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Renovation converts French chateau into charming retreat

Columbia Hillen

Opening the wooden shutters of my bedroom window to a world of lavender, rosemary, oak, cedar, palm and pine, with vineyards stretching off into distant rolling hills, was a rich refreshing start to my day.

And that was only the beginning of a stay at the 220-acre Chateau St. Pierre de Serjac in the French Languedoc.

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A light knock on my door, Room 101, exactly on the stroke of 9am as agreed, and I’m gazing at a smiling maid holding a tray with a bumper breakfast, enough to last the whole day - croissants, fruit salad, fresh juices, baguette slices, hot chocolate, ham and chorizo and assorted local cheeses.

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Impossible to eat in one sitting, I leave the heftier stuff for later while making quick work of the beverages and fruit. Then, in an effort to harness the required appetite, I step into a comfy hotel dressing gown and slippers and head down the ornate spiral staircase and along the pebble-strewn path to the nearby spa and its sauna, Jacuzzi, hammam and heated swimming pool.

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A vigorous twenty laps later and I’m back in my room, one reminiscent of the 1920s with fireplace and marble surround, terracotta flooring, large windows and heavy, flowing curtains. I indulge in the abundant luxuries around me including an oval bathtub the middle of the bedroom, separate spacious walk-in shower, twin hand basins, a big-screen TV and a coffee and tea-making corner.

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I feel like a Royal. And no wonder. As an estate, Chateau St. Pierre de Serjac dates from the Medieval period before being taken over in the late 19th century by Baron Cyprian de Crozals. The Baron commissioned Bordeaux architect Louis-Michel Garros to re-design the chateau and it remained in his family until 2011 when it was sold by descendent, Baron Paul de Chefdebien, to Irish developer Karl O’Hanlon and winemaker, Laurent Bonfils, whose family is the largest private vineyard owners in the region.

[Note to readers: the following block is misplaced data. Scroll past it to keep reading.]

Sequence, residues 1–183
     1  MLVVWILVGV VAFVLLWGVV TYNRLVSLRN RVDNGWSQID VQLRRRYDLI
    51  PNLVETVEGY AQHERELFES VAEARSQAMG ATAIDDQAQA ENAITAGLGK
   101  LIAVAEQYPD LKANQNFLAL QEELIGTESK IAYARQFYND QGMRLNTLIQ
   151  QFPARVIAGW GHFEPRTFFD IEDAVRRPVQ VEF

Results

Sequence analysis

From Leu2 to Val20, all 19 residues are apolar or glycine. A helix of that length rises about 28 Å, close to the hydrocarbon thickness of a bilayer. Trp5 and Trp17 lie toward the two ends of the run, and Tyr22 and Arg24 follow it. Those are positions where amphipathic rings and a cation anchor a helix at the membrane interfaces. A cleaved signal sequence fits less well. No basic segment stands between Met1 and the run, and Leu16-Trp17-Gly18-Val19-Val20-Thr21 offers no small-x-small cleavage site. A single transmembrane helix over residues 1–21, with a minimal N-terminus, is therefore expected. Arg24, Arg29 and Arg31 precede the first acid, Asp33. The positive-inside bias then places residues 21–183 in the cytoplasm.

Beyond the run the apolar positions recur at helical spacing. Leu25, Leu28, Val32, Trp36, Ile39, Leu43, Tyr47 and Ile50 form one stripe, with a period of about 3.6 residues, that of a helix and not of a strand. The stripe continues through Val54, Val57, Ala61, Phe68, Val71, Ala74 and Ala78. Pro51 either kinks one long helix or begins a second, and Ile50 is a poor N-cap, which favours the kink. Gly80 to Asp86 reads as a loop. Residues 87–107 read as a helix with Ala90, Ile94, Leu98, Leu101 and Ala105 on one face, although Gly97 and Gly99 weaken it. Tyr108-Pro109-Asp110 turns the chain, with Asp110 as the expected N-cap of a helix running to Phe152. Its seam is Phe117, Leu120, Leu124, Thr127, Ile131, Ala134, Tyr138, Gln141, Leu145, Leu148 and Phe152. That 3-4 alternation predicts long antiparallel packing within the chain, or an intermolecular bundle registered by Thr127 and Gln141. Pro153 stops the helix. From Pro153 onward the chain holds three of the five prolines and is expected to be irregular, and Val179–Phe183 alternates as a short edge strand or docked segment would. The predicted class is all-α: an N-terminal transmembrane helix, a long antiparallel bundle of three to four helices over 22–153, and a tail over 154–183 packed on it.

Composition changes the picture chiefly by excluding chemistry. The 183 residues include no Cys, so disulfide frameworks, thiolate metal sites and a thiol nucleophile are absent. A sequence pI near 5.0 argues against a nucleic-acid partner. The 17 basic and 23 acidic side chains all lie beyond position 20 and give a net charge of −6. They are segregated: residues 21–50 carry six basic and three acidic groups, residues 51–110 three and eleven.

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The renovation took five years before the chateau was finally opened to guests in 2016, with wine production re-starting just last year. Aside from the eight rooms in the chateau itself, there are also, right beside it, 36 two-to-four bedrooms, self-catering houses with open-plan kitchens and private terraces or gardens, many with private plunge pools.

Whether it’s sheer relaxation or more athletic pursuits, Chateau St. Pierre de Serjac meets most needs.

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The Cinq Mondes styled spa provides diverse treatments for both couples and individuals, including toning Indian Ayurvedic and soothing French-Polynesian varieties from skillful massage therapists Illike Billard and Laurine Bonnet. There’s also an outdoor 30-meter infinity pool, tennis and boules courts, bicycles and a small gym.